6. Bring them to room temperature before serving.
    Notes: Last year I 'stuffed' the ganache with some of the drained, soaking fruit I had from the fruit cake, so you can definitely go that route and hide a treat inside the chocolate. Chocolate - I used Callebaut semi-sweet and Valrhona milk chocolate for these Storing - You can make the ganache and stash it in the refrigerator covered in plastic wrap for a few days and scoop out truffles when needed. I've also refrigerated finished truffles in an airtight container and they keep well upto a week. They never usually last longer than that and so I do not know how long they can be stored :)
    Homemade Truffles sampler bag
    When you serve it to friends & family I can assure you that it'll be followed by a moment of silence. They will want to focus on the magic unfolding in their mouth as the rich chocolate melts away. These are a chocolate lovers delight! The nuts and fruits offer a variation of texture and a counter balance to all the richness. But I guess I don't have to try to put the brilliance of these truffles in words, you need to try it for yourself. This is another fabulous gift that shows you care about the person receiving it.

    Sunday, December 11, 2011

    Homemade Raspberry Jam

    Dear foodies,

    Please don't be surprised seeing a jam recipe here right after my post claiming that baking season was upon us. This is all part of the plan :) Britannia had these little sandwich cookies with a dollop of jam in the center that I loved. The crumbly cookie with a chewy, gooey jam center was a special treat that I looked forward too. From the time that I spotted the recipe for Linzer cookies I've been meaning to make them. This past weekend,  with a 50% off store coupon for Micheal's I finally bought myself a linzer cookie cutter set. I searched online for recipes that did not use eggs and had all other ingredients on hand. The one thing missing was the center jewel - raspberry jam which makes the quintessential linzer cookie. To break up the red I already had my peach jam on hand and also made a batch of clementine marmalade to top the cookies(recipe coming up). I decided to try my hand at making a batch of raspberry jam at home after a quick search for recipes.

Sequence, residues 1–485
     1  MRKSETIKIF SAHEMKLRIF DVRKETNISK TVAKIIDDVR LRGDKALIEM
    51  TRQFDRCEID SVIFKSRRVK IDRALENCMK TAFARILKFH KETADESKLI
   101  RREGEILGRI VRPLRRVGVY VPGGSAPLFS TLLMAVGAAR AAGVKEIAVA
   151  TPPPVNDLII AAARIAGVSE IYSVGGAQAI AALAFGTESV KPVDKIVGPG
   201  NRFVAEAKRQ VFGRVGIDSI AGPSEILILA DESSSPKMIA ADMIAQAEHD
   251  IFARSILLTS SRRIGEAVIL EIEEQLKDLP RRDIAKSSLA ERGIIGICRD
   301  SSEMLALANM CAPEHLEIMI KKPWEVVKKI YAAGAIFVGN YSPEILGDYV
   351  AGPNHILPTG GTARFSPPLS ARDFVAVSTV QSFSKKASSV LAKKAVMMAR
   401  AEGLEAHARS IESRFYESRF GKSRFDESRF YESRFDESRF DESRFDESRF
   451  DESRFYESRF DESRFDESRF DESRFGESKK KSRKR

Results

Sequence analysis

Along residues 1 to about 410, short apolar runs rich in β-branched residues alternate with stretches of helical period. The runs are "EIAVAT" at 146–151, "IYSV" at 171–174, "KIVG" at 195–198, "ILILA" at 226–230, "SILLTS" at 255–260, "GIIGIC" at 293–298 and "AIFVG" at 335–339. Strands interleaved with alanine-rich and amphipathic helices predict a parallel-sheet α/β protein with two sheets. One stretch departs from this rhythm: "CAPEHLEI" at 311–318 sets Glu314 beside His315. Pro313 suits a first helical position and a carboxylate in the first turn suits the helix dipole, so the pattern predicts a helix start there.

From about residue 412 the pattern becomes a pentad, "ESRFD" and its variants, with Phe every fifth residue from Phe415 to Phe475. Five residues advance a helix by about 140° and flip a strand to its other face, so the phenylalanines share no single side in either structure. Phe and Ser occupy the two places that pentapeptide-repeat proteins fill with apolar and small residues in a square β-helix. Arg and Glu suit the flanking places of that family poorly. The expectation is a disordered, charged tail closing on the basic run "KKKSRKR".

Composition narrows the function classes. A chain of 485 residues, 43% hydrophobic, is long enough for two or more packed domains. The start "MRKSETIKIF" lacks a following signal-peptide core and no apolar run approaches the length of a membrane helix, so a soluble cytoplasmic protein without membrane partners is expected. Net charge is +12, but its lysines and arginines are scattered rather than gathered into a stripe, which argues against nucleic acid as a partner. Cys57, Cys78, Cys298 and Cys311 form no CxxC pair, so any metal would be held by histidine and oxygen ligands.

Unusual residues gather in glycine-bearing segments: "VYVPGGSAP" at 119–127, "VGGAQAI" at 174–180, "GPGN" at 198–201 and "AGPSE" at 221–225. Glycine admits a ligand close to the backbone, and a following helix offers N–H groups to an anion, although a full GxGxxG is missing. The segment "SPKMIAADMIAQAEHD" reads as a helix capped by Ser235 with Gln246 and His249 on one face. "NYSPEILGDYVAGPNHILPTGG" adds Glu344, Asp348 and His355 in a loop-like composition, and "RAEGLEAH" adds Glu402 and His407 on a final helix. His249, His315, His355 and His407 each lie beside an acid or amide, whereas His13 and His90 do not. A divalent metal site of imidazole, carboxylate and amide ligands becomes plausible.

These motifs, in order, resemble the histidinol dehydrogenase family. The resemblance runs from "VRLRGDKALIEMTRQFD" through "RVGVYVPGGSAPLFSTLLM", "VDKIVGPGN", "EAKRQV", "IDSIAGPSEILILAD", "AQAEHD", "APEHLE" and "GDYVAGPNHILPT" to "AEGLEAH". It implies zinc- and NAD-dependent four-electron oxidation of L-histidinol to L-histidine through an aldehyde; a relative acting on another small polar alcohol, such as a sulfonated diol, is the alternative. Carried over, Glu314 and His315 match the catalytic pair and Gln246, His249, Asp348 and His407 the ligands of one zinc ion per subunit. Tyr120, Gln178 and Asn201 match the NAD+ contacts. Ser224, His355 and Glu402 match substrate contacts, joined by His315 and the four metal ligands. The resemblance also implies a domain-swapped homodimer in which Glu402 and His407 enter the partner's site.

When ripe, raspberries strike a perfect balance between tart and sweet. They are rich in antioxidants and vitamins making them a delightful addition to any snack/meal. I was lucky to find fresh berries that tasted really good at the store here but frozen would also work perfectly for this recipe. Raspberries have a moderate amount of naturally occurring pectin in them. With a bit of sugar and some citrus juice they can be turned into a beautiful jam without needing any additional pectin. One less ingredient to shop for...

    Homemade Raspberry Jam
    Yield -  1 cup
    Cooking time - 30-40mins
    • 12 oz - Raspberries (2 little boxes, or use frozen)
    • 1/2 cup - Sugar ( I used sugar in the raw, adjust final amount to taste)
    • 2 Tbsp - Lemon juice (~ 1/2 lemon)
    • pinch of salt
    1. Wash the berries and drain off any water. Place 2-3 stainless steel spoons in the freezer for testing doneness of jam in the end.
    2. In a non-reactive saucepan combine berries, sugar, lemon juice, salt and place on medium heat. Using the back of a ladle mash the berries along the sides of the pan. 
    3. Turn up the heat to medium-high and bring the fruit mixture to a rolling boil. Carefully skim any foam that appears on the surface. I try to push all the foam to one end and that makes skimming easier. Cook for 10-15mins while stirring frequently.